Bert's Day in Court

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Status: Finished  |  Genre: Memoir  |  House: Footsteps, yarns and little fibs

Four country folk met up in town and it didn't end well.

Bert’s Day in Court

Back in the day, shops in town stayed open on Friday nights to give rural folk and those who worked an eight hour day, an opportunity do their shopping. The streets were generally crowded with people walking up and down, which was an opportunity to meet up with folk they hadn’t seen for a while and to have a chat. This night Henry and Bert met up outside the hardware store, and although they worked together on the Forestry, their wives were elsewhere looking in shops that were of no interest to them, so they stopped to chat. Farmers, Lloyd and Alan were also waiting on their wives, and had tired of walking up and down the street, so they stopped to talk to the Forestry lads.

‘Did you knock off work early so you could make it into town before closing?’ Asked Lloyd cheekily. The farmers in the village used to think the Forestry workers had it easy because they started work at 7:45 and finished a 4:30, which they cockies thought was more like office hours. It didn’t matter that they lunched with a hot meal for over an hour, ‘because they had to listen to The Rural News’.  Usually the Forestry boys just sucked up the criticism because they knew what they knew… and who attend school working bees.

‘Well looky here,’ Bert gave Lloyd a finger-poke in the chest, ‘the bloody landed gentry’s gracing us with their presence.’

‘’evenin’.’ Henry doffed his hat and smiled, because both he and Bert owned farms, they too could talk cocky-jargon just as well as the farmers… if they wanted to.

A group of young women came chatting by, swishing their skirts as they passed, so the four quickly stepped aside to give them room and Alan stumbled against the hardware store’s display wheelbarrow that was sitting on the side of the pavement.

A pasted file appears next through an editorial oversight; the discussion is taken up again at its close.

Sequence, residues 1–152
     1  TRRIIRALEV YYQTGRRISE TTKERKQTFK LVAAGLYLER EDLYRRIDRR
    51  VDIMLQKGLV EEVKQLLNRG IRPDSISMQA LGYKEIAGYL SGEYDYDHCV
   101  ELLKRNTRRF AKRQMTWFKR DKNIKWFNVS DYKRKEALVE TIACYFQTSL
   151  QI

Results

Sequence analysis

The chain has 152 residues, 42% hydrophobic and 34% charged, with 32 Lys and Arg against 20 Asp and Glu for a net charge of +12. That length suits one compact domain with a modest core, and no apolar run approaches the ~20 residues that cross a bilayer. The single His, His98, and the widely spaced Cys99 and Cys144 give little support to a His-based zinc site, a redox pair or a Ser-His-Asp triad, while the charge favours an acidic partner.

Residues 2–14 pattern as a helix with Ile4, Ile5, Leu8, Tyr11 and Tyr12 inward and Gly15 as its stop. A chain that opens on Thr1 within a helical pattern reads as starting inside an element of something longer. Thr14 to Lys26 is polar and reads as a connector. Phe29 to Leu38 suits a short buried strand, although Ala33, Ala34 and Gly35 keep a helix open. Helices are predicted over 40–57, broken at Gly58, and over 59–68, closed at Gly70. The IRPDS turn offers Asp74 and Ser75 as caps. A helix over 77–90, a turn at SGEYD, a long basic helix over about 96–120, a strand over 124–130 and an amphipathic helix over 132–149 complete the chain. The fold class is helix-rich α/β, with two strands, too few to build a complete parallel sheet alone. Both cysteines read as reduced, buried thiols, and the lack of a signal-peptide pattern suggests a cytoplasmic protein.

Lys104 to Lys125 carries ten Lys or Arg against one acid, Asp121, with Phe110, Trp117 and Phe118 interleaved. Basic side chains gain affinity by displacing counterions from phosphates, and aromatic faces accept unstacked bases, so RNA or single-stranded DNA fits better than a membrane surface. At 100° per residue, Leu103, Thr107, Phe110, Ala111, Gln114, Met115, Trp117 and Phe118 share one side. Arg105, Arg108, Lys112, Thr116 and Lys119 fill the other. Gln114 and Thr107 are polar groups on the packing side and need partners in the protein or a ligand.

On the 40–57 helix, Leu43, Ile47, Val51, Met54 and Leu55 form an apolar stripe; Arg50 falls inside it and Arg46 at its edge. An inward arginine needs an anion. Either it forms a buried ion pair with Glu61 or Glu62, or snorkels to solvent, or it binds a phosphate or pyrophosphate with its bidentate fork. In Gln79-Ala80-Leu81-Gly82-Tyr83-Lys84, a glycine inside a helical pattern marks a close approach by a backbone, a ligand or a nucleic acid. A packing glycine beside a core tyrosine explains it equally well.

‘Sixty bucks!’ Exclaimed Lloyd, who could be a bit mouthy, ‘Bloody flimsy barrow that! For sixty bucks!’

‘I dunno,’ drawled Bert, who could be contrary when he wanted to be, ‘seems pretty sturdy to me.’

‘Uh-oh.’ Henry thought.

‘Those flimsy bloody handles’d bend with a decent load in it!’ Lloyd argued.

‘Here,’ Bert said holding the handles, ‘Alan, hop in and we’ll test it!’

Alan didn’t want to look like a mug, so he hopped in. It held him just fine.

‘That’s no bloody test!’ Lloyd quipped, ‘Give it a try… take him to the Post Office and back!’

The Post Office stood at the other end of the main street, a good mile away, and without thinking Bert took off! Alan had no choice in the matter. Henry charged after them thinking he’d better clear the way on the busy street! As he overtook Bert and his barrow-passenger, he asked Bert if he was sure he could make it back.

‘I’m sure!’ Bert puffed back.

Lloyd trailed behind, trying to take bets.

Henry thought the pace was fairly quick and worried that Bert might run out of wind, but he knew the old bugger had a determined streak. The worry for Henry was that he might bump into someone with the barrow and that’d bring real trouble. But they made it to the Post Office safely, and by now the whole town was taking an interest.